When Electronic Arts revealed the teaser trailer for its new Battlefield game for the first time, it was probably hoping to spark a wave of hype across an excited fanbase. Instead, it found itself facing an outraged backlash that spread like wildfire. It didn't take long before the #notmybattlefield hashtag was trending on Twitter, and a vocal minority of fans were demanding change.
The problem? There were too many women in the Battlefield 5 trailer.
The initial backlash was laced with cries for historical accuracy, but EA's chief creative officer, Patrick Soderlund, says this gets the facts wrong. "These are people who are uneducated -- they don't understand that this is a plausible scenario," he told Gamasutra in a recent interview. "The common perception is that there were no women in World War II. There were a ton of women who both fought in World War II and partook in the war."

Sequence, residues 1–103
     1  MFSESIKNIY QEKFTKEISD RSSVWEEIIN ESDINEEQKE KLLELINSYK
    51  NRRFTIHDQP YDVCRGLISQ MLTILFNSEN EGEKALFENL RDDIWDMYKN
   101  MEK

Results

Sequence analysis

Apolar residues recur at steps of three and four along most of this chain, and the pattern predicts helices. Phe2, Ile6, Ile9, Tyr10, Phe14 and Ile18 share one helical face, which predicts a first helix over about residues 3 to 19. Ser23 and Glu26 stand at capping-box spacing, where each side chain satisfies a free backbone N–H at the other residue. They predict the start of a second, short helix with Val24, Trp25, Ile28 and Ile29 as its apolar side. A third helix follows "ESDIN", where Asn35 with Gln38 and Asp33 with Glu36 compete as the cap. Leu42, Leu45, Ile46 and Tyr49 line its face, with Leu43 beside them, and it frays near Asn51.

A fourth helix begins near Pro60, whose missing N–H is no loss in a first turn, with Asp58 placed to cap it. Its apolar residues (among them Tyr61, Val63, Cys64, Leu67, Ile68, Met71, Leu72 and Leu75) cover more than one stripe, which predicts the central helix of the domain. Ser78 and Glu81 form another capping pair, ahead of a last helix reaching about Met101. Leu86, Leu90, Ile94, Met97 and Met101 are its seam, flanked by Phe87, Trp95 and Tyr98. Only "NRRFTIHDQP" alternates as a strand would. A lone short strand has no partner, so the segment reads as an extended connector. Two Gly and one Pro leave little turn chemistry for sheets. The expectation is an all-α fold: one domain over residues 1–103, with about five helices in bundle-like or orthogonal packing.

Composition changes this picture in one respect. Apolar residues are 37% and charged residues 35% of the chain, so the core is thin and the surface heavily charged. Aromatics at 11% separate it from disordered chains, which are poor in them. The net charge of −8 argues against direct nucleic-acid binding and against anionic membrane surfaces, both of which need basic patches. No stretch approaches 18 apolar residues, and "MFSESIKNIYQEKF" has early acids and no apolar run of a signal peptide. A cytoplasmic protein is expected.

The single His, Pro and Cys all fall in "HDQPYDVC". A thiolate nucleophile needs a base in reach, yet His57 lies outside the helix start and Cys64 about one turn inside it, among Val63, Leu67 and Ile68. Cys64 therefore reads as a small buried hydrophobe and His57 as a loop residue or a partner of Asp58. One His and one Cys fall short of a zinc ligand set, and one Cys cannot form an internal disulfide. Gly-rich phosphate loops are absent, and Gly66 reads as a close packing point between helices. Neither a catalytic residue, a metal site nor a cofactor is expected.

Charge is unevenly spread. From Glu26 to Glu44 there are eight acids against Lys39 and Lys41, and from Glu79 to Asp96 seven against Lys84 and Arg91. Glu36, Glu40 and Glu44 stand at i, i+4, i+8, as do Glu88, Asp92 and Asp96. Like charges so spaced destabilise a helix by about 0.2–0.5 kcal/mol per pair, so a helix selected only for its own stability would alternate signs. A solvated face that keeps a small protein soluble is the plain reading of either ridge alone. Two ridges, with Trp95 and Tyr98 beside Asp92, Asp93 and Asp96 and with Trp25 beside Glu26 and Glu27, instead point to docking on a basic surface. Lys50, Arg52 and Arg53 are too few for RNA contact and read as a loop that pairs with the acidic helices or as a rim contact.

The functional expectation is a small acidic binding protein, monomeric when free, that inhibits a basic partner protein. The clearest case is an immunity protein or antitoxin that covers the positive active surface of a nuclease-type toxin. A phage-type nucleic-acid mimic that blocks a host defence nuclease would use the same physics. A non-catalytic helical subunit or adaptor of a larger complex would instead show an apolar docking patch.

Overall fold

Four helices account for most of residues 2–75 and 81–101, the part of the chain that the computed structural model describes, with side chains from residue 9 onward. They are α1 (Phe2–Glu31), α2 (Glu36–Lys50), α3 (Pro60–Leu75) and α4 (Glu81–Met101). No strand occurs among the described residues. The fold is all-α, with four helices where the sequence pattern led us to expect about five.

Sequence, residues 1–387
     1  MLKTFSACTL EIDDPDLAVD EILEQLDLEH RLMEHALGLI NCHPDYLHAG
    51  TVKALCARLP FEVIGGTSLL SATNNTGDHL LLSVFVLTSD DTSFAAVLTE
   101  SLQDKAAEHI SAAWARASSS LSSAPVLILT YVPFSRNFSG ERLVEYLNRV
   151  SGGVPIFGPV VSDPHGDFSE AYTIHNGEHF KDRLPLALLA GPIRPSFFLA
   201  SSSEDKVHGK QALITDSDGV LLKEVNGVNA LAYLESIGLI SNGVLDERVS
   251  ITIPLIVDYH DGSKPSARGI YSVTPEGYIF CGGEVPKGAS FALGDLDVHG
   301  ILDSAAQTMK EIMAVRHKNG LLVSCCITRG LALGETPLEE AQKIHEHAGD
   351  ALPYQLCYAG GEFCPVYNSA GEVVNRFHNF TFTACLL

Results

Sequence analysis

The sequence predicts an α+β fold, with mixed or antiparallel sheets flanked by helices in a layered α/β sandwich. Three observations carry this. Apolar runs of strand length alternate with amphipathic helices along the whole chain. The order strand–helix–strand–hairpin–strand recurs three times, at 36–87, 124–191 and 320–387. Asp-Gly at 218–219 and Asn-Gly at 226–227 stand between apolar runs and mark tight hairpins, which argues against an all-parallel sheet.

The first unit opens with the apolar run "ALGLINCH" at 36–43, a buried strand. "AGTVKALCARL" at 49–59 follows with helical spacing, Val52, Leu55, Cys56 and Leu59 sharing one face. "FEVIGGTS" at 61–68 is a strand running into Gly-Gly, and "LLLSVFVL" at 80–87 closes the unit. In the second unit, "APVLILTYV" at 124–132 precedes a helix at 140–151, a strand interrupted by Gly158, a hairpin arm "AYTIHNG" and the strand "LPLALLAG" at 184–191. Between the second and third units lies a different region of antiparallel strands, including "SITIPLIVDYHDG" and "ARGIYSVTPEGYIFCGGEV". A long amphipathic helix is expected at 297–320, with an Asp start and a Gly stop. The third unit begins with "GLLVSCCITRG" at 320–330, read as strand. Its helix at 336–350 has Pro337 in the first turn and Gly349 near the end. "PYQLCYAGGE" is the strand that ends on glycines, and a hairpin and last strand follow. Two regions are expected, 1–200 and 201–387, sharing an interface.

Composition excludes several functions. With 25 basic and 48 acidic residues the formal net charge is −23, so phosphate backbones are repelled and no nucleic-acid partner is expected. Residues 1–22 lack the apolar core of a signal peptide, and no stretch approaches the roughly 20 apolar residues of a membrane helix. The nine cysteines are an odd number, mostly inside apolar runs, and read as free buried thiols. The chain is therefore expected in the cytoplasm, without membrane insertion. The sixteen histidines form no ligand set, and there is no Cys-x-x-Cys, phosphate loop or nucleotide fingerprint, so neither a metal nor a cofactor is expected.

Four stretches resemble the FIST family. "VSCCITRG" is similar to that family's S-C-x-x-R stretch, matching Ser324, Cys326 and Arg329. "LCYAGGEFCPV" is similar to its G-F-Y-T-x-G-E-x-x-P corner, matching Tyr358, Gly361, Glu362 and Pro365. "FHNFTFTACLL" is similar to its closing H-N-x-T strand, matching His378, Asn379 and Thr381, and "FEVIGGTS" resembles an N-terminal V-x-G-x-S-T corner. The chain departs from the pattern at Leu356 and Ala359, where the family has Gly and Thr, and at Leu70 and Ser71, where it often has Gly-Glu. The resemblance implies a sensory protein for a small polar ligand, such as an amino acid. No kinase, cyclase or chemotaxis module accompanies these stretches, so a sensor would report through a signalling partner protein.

It's true -- there's a rich history of women fighting in the Second World War, from Russian sniper teams to the French Resistance.
Even if it wasn't a historical fact, Soderlund seems to argue that it would hardly matter. "Listen," he says. "This is a game. And today gaming is gender-diverse."
Soderlund says his team stands by their choice, and won't "take any flak" for the decision to include women in the game. As for the game's detractors? "Well," he says, "you have two choices: either accept it, or don't buy the game. I'm fine with either/or."
It's not the first time EA has addressed the backlash, either. Last month, EA's Osakr Gabrielson made the company's position clear: "Player choice and female playable characters are here to stay."
Biggest games of E3 2018See all photos
E3 2018 coverage at GameSpot: Wall-to-wall coverage of the show from our sister site, GameSpot.
E3 2018 coverage at Giant Bomb: Still more commentary and news from E3, from our colleagues at Giant Bomb.